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Project Management for Non-Project Managers

Project Management for Non-Project Managers

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Project Management for Non-Project Managers

336 página
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Lançado em:
Apr 18, 2012


As a seasoned project management consultant and instructor for the American Management Association, author Jack Ferraro has gained years of experience bridging the gap between project managers and functional managers to help countless teams improve their performance. Now, in this practical guide he shares engaging stories and lessons from his experiences and reveals the project management methodology and processes that will give you the advantage to ensure your projects’ success--and advance organizational goals. Project Management for Non-Project Managers demystifies the jargon and processes of project management, encouraging functional managers to jump into the PM arena and arming them with step-by-step guidelines for mastering the most critical PM skills, including business analysis techniques, work breakdown structures, program sequencing techniques, and risk management methods. Great managers are experts at getting bottom-line results, but often do not understand their role in the success or failure of their organization's projects. As projects become more strategic and collaborative in nature, managers with even basic project-management knowledge are most capable of keeping projects business-focused. By switching gears from passive bystander to active owner of project strategies, you’ll keep your team’s projects on track and, as a result, increase their business value.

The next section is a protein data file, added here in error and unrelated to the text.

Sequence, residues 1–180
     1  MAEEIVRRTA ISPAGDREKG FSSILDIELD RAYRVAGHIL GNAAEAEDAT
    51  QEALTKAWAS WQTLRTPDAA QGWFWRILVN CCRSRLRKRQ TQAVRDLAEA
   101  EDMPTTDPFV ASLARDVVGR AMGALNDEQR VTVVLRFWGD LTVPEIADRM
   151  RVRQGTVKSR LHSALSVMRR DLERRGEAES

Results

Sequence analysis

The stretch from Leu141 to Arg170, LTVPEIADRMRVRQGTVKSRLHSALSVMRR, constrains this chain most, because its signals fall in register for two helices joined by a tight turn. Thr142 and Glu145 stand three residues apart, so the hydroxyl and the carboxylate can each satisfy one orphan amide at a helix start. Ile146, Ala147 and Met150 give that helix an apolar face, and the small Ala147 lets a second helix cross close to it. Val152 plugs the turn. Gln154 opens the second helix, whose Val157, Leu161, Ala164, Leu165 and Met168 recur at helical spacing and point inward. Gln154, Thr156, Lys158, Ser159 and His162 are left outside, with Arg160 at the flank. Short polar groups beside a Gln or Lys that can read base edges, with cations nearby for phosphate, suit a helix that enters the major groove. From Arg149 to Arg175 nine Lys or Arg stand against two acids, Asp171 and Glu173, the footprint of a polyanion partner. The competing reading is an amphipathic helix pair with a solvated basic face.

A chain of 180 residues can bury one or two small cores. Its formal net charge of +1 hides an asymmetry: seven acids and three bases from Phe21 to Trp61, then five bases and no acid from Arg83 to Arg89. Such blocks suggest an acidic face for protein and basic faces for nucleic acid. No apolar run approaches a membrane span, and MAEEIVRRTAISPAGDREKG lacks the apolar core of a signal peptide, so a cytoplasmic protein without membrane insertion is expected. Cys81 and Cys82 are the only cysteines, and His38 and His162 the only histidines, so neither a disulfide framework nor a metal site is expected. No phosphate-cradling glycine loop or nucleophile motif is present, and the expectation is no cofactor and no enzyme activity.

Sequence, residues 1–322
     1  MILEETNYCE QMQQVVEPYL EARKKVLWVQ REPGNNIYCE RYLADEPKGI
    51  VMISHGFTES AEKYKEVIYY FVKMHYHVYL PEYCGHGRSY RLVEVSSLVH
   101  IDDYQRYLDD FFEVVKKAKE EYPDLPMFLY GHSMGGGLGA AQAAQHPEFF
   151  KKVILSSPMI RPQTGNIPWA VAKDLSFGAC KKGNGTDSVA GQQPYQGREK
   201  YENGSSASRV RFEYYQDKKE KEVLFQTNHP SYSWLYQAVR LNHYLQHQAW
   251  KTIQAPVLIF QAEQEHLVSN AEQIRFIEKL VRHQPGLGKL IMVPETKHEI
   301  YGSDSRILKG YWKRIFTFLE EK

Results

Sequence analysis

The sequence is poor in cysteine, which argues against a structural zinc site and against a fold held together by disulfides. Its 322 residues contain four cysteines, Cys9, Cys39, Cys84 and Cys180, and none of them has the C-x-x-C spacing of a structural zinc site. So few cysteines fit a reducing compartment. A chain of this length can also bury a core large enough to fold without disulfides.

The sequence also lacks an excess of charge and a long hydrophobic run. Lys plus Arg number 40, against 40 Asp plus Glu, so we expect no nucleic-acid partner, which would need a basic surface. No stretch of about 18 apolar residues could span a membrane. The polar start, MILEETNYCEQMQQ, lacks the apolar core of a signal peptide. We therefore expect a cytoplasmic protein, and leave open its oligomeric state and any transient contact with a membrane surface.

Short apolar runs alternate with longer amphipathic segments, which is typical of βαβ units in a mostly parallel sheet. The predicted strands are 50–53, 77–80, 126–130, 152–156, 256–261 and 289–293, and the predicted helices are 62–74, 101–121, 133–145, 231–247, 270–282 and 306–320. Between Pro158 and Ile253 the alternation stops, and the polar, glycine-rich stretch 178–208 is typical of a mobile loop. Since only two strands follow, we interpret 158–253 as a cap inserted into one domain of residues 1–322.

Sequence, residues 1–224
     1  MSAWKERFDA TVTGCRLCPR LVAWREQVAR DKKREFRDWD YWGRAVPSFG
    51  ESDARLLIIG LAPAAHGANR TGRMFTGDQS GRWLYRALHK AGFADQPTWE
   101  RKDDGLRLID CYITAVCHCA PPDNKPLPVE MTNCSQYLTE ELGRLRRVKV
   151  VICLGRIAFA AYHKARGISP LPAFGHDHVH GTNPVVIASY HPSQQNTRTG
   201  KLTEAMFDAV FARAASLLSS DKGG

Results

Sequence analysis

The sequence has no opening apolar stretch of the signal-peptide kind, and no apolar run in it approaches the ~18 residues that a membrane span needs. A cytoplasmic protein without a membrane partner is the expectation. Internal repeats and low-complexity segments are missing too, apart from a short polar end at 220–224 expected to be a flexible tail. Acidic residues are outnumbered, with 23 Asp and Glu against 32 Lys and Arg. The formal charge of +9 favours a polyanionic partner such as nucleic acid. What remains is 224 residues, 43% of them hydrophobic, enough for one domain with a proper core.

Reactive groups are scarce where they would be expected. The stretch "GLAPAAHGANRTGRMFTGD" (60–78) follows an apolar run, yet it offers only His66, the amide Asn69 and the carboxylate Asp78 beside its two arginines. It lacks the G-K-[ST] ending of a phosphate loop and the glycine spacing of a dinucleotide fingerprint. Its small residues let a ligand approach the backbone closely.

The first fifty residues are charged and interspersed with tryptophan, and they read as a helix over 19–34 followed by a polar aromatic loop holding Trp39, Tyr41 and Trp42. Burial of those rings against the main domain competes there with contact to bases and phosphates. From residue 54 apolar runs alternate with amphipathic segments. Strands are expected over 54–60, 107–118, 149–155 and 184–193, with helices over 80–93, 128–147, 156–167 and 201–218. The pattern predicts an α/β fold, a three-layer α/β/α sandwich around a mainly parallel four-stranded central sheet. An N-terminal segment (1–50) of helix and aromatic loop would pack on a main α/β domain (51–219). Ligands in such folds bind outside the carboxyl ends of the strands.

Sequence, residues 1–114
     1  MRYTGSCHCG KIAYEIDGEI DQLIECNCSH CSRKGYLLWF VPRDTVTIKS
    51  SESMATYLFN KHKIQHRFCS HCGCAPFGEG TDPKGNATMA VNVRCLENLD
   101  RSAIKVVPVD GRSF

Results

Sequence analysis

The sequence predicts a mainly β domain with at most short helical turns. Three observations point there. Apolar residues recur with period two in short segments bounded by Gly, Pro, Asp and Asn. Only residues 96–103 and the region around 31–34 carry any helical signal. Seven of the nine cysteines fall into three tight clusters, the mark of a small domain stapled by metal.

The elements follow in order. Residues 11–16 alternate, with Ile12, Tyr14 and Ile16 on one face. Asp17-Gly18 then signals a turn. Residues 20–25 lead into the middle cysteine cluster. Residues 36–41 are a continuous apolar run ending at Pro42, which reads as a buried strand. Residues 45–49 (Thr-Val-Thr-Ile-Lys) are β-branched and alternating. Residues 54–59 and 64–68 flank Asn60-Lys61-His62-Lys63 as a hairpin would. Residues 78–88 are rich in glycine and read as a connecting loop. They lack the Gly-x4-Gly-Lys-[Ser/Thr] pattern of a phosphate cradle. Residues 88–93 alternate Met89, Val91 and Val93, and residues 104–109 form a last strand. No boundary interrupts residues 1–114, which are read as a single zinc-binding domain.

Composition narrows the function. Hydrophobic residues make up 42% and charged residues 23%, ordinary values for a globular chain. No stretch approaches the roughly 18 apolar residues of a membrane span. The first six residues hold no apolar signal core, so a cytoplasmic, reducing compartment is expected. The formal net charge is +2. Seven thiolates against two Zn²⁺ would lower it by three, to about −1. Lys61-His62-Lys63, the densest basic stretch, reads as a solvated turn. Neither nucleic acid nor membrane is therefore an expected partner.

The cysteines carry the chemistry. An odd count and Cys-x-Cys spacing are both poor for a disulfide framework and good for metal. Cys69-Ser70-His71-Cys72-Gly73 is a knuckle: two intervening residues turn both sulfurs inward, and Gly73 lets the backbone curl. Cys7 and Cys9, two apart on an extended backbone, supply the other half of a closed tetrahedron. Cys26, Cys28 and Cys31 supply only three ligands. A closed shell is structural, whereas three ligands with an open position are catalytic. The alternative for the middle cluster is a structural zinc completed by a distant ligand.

Lançado em:
Apr 18, 2012

Sobre o autor